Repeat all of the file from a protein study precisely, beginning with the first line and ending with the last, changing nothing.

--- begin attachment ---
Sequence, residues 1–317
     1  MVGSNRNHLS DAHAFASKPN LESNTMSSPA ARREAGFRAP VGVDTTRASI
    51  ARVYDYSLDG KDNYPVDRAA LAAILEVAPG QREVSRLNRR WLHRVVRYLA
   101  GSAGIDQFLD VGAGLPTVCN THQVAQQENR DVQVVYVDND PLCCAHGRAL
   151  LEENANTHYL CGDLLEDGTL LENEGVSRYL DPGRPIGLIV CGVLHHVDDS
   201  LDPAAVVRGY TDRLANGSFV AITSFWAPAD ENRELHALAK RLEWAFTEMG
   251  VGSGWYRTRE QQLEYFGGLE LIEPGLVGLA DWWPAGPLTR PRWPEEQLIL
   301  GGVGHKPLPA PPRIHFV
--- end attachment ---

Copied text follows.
Sequence, residues 1–317
     1  MVGSNRNHLS DAHAFASKPN LESNTMSSPA ARREAGFRAP VGVDTTRASI
    51  ARVYDYSLDG KDNYPVDRAA LAAILEVAPG QREVSRLNRR WLHRVVRYLA
   101  GSAGIDQFLD VGAGLPTVCN THQVAQQENR DVQVVYVDND PLCCAHGRAL
   151  LEENANTHYL CGDLLEDGTL LENEGVSRYL DPGRPIGLIV CGVLHHVDDS
   201  LDPAAVVRGY TDRLANGSFV AITSFWAPAD ENRELHALAK RLEWAFTEMG
   251  VGSGWYRTRE QQLEYFGGLE LIEPGLVGLA DWWPAGPLTR PRWPEEQLIL
   301  GGVGHKPLPA PPRIHFV